India: Delirious and Delighted in Delhi

November 27th, 2011 · Lisa · Travel · Comments
The morning after I arrived in Delhi I received a phone call from Mayank (from India Habitat Centre). His voice greeted me with such a sense of warmth and excitement. He was waiting outside my host’s flat with a car to whisk me off for a tour of Delhi.
I could definitely get used to this kind of welcome.
We drove through Delhi’s busy streets and past the gateway demarcating our entrance into Old Delhi. At the red steps of Jama Masjid we jumped out of the car and climbed to the entrance. Removing our footwear and tying on a “modest” cape, allowed us to step inside the cities largest Mosque. It is used today as a place of worship for more than two thousand Muslims. We wandered through the archways and marvelled at the marble and sandstone structure.

From Jama Masjid you can look down into the busy streets of Old Delhi, with the Red Fort in the background. Early on this Thursday morning the crowds were setting up their market stalls: getting ready for a busy day of trade.

We strolled into the chaotic streets of Chandni Chowk. A marketplace that has been bustling for over 300 years. Navigating the narrow alleys really make you feel like you’ve stepped back in time – at least until you see the ads for Coca Cola and Nike. There are specific streets for purchasing all of the different things your heart desires (fried bread, saris, silver, hardware, etc). We wandered along the street selling all of the necessary wedding accoutrements for a lavish Indian affair (including the groom’s turbans shown stacked in the photo above). For a brief moment of refuge we tucked into a Jain Temple: a beautiful, serene building constructed of white marble and painted in gold. It was quiet and peaceful even with the noisy market just steps away.

On another street in Chandni Chowk called  Khari Baoli we found India’s largest wholesale spice market. Shop after shop had huge displays of dried fruits, nuts, spices and teas. I loved pointing out the ingredients I’d never seen before and having my trusted guide, Mayank, provide a detailed answer (or google the picture for a perfect response).

Before heading to the India Habitat Centre for lunch we left Old Delhi and stopped in the heart of New Delhi to see the India Gate. It is a large monument built as a memorial to the 90,000 soldiers who lost their lives fighting for the Indian Empire. There were lots of visitors, piling out of buses for a glimpse of the glowing flame and the walls inscribed with names of departed soldiers.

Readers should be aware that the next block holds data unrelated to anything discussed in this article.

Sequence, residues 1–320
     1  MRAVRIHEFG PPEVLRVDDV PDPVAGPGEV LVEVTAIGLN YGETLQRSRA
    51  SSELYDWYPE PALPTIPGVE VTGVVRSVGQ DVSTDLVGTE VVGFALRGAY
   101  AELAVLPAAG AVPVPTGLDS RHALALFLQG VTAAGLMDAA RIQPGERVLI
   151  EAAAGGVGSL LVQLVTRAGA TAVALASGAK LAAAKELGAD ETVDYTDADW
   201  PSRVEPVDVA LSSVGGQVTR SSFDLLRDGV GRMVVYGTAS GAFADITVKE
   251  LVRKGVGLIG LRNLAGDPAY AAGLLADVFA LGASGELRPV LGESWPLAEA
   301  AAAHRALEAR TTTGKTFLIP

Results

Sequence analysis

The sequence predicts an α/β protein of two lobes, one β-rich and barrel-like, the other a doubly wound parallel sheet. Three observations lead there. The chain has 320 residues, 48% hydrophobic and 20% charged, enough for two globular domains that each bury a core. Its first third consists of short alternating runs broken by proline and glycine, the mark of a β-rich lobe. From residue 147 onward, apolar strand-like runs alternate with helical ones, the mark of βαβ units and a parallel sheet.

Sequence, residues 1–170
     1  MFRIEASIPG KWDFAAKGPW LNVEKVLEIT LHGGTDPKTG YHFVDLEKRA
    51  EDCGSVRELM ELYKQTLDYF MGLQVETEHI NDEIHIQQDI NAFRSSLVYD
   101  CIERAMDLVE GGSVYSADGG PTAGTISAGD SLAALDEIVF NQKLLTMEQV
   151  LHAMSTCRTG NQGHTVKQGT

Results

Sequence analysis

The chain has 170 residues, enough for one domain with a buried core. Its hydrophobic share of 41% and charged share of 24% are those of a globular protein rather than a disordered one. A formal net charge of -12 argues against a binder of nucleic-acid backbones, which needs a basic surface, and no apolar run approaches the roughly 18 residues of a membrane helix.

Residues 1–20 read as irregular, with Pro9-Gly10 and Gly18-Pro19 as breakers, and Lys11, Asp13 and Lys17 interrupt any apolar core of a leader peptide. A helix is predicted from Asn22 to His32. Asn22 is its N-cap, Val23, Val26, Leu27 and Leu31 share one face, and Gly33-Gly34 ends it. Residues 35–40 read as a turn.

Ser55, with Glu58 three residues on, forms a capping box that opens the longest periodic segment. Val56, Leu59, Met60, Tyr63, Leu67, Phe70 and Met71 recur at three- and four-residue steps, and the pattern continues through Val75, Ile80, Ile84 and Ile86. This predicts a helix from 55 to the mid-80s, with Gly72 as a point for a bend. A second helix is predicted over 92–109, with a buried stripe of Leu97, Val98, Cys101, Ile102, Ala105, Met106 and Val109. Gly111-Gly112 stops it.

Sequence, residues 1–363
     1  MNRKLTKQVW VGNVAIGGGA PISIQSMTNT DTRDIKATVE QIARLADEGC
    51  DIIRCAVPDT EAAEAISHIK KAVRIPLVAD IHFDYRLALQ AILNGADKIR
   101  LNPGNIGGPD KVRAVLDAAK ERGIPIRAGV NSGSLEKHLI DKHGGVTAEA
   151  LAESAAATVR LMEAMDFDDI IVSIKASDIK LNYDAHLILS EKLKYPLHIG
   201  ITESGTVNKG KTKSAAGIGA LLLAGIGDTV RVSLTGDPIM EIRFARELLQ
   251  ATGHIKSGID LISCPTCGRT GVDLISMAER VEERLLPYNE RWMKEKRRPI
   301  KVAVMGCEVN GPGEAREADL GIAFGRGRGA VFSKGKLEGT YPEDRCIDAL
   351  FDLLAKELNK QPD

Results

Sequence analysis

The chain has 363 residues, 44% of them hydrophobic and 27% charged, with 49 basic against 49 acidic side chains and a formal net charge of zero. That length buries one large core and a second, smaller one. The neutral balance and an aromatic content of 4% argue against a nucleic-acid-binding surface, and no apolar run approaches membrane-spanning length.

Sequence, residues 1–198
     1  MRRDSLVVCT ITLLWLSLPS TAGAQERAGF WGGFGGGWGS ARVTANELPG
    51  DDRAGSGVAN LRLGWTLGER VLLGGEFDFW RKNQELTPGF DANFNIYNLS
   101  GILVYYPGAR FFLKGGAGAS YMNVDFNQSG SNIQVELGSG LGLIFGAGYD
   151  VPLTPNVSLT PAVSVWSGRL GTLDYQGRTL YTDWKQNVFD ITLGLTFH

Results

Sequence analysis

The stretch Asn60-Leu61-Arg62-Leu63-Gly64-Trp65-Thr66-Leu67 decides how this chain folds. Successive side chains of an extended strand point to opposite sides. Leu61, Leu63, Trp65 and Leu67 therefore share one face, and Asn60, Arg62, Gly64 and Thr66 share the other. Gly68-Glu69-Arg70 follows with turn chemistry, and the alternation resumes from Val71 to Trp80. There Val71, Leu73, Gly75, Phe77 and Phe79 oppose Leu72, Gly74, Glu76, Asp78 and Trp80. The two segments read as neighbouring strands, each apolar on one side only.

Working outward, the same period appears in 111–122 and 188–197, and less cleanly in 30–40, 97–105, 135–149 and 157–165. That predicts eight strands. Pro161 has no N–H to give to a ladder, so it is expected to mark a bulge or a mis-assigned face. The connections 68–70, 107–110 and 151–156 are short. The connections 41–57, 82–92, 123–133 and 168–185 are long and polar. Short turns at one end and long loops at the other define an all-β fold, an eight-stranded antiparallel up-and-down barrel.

Over a lovely lunch at the Oriental Octupus I met Chef Manish and Shanna, two fantastic people who made my stay in Delhi a true delight. We went over our plan for the next few days, reviewed the recipes and discussed demo strategy.

With that out of the way I was ready for a little more sightseeing. Shanna took me shopping at Dilli Hut , an outdoor craft bizarre, and for a tranquil traipse through the Baha’i House of Worship.

I returned to Mala’s place (you have to check our her work with Mystic Asia) that night for a quiet evening. We welcomed Nandita who had just arrived from Mumbai and went to bed early. At 6:30 Friday morning, the three of us pulled on our shoes for a stroll to Humayun’s Tomb (top right in the collage above). It is a very close to the Mala’s home and the neighbourhood gets free walker’s passes to use the space early, before it opens to tourists. In the misty morning light we walked along the gardens surrounding the tomb, passing Mala’s friends, wandering dogs and a couple of peaceful peacocks. We sat on the stairs and spoke about our ideas, interest and hopes for the future. It was a wonderful way to start the day.

Soon after our stroll I was back at India Habitat Centre, enjoying a lovely India buffet at Delhi O Delhi. I figured I needed to eat a little more Indian food before I caught my flight to Thailand. That afternoon I worked with the chefs in the kitchen, sharing raw food recipes and techniques for hours.

Before I closed my eyes for the night I went with Nandita to a dinner meeting of local animal activists. It was wonderful to hear the initiatives underway here to improve the lives of animals. I mostly sat quietly and listened, after a long, busy day I just wanted to soak up their enthusiasm and passion.

Friday night I slipped into sleep the second my head hit the pillow.

Delhi is delightfully exhausting.

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